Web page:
This week, at work, I cobbled together a hack for MovableType that hooks it up with an LDAP server for author accounts: MovableTypeLDAPAuthors. This is an early, early, early release of the thing, and is likely to do very nasty things for all that I know. But, I wanted to share, and it seems to be working for the proof of concept at work (that is, MT weblogs on our intranet for every employee). Hopefully soon it'll be approved, and I'll be looking into a commercial use license for MovableType.

You know, for all the praise I've read about MovableType, something I've really not seen much attention toward is the code itself. I mean, yeah this thing is great, and it's so simple to install and use by even non-techies. But, under the hood, there're some nice things going on - like a very decent object persistence approach; templating for pretty strict code/presentation separation; a workable servlet-like app structure with facilities for localization and a dispatch-table approach to executing web app methods. There are some spots that are a bit too if/else-ful for my taste, like the CMS' edit_object() method, but hey, it works.

In other words, MovableType isn't just a cobbled together tangle of code that happens to produce weblogs. I've seen piles of well-used code on the web before that all seem to do what they advertise, but present a nightmare under the hood. (cough Matt Wright's famous scripts cough) No, MovableType looks like the result of experience, and I feel biased, because it demonstrates a lot of the same perl web app design patterns I've been employing and advocating for years now. So, my LDAP hack was a bit of enjoyable fun, instead of a chore.

Along the lines of what I'd written last week about perfection versus good enough, I think MovableType is a good example. It's something I could have written, but didn't write and didn't release and didn't support and didn't make lots of people happy along the way. All the did-nots are the important bit. It's why I have two projects dead (Iaijutsu and Iaido) after a few years' effort, and MovableType is a gigantic success today.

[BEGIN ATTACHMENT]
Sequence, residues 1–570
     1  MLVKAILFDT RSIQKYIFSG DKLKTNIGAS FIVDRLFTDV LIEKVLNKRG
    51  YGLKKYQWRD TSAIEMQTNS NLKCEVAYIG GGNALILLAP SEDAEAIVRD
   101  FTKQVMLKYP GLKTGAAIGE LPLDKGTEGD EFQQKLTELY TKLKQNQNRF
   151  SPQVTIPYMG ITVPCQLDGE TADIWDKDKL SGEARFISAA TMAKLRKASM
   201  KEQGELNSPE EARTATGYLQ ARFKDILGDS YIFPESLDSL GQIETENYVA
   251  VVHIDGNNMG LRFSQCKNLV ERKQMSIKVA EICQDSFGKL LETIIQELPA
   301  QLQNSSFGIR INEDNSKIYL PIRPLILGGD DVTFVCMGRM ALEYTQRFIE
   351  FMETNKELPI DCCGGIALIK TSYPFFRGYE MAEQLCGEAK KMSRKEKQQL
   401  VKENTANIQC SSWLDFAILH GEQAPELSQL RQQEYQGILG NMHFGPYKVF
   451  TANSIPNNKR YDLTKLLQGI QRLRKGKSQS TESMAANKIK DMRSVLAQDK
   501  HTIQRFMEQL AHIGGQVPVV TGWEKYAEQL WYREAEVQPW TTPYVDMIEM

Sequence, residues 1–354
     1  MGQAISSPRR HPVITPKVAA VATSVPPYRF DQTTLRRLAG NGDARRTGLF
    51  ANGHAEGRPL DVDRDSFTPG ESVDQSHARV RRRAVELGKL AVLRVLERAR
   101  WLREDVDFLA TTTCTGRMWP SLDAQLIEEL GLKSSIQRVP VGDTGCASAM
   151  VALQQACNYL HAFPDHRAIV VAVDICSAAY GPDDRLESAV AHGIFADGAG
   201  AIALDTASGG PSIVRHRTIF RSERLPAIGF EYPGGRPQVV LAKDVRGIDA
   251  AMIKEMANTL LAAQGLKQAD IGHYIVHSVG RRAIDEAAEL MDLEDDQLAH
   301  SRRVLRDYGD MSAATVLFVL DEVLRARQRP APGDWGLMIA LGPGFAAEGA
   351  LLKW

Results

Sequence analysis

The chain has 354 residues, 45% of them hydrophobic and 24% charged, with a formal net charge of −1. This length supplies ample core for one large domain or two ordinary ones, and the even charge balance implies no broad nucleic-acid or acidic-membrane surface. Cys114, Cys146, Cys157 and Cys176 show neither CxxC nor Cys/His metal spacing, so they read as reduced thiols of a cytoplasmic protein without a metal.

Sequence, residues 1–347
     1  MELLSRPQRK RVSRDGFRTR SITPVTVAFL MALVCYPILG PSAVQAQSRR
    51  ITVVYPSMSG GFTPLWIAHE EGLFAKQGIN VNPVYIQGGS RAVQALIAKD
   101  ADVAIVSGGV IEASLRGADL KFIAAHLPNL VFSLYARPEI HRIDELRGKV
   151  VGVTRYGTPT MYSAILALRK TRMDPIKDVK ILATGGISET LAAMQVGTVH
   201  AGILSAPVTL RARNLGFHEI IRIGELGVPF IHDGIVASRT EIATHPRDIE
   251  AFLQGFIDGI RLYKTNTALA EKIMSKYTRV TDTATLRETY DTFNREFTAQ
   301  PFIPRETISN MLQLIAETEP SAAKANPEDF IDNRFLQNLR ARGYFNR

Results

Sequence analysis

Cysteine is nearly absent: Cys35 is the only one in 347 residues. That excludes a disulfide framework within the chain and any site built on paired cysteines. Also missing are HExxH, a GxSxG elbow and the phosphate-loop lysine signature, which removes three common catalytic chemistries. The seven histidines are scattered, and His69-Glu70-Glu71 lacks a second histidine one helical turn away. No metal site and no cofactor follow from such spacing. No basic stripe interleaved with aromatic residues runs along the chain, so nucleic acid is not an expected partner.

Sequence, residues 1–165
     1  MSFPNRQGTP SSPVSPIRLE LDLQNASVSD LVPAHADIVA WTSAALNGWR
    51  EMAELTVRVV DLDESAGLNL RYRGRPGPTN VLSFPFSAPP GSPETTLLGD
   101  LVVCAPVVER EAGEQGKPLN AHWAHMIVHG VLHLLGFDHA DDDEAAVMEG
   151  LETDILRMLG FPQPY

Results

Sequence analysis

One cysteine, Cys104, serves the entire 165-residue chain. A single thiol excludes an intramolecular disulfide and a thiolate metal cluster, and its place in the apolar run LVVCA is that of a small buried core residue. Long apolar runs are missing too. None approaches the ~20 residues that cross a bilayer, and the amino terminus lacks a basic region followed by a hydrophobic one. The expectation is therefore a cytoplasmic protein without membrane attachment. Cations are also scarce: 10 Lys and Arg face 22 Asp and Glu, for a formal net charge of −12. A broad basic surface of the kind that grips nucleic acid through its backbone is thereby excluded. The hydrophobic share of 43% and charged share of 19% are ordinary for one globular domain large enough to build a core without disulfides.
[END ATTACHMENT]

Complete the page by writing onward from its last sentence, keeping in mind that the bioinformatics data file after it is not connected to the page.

So, these are the kind of lessons that are an important part of what this weblog is about for me.


Archived Comments

  • Exciting to see work in this direction. I'm using MT a lot for student projects at the Berkeley J-School, and can imagine this being useful. However, I don't have a need for each student get their own blog. Instead, I would want to make sets of students into LDAP groups and then attach that group to a specific blog. See these: So in these cases we have, say 20 students in a class, the output of which is a publication in the form of a web site. I have to create a login for each student. LDAP would be useful for me if I could tell them they could use their existing network logins.
  • Hmm, this sounds like a good idea: Shared blogs based on LDAP groups. I have yet to get far into how to configure this stuff beyond hard coded module vars, but I think it would be useful to pick a branch of the LDAP tree where all blog groups might live. I could then make an explicitly-run script that generates any not-yet-existant blogs for LDAP groups, or maybe work in some autocreation magic that generates them on the fly.
  • What are you using for your LDAP back end? OpenLDAP? MsExchange? What other things use it?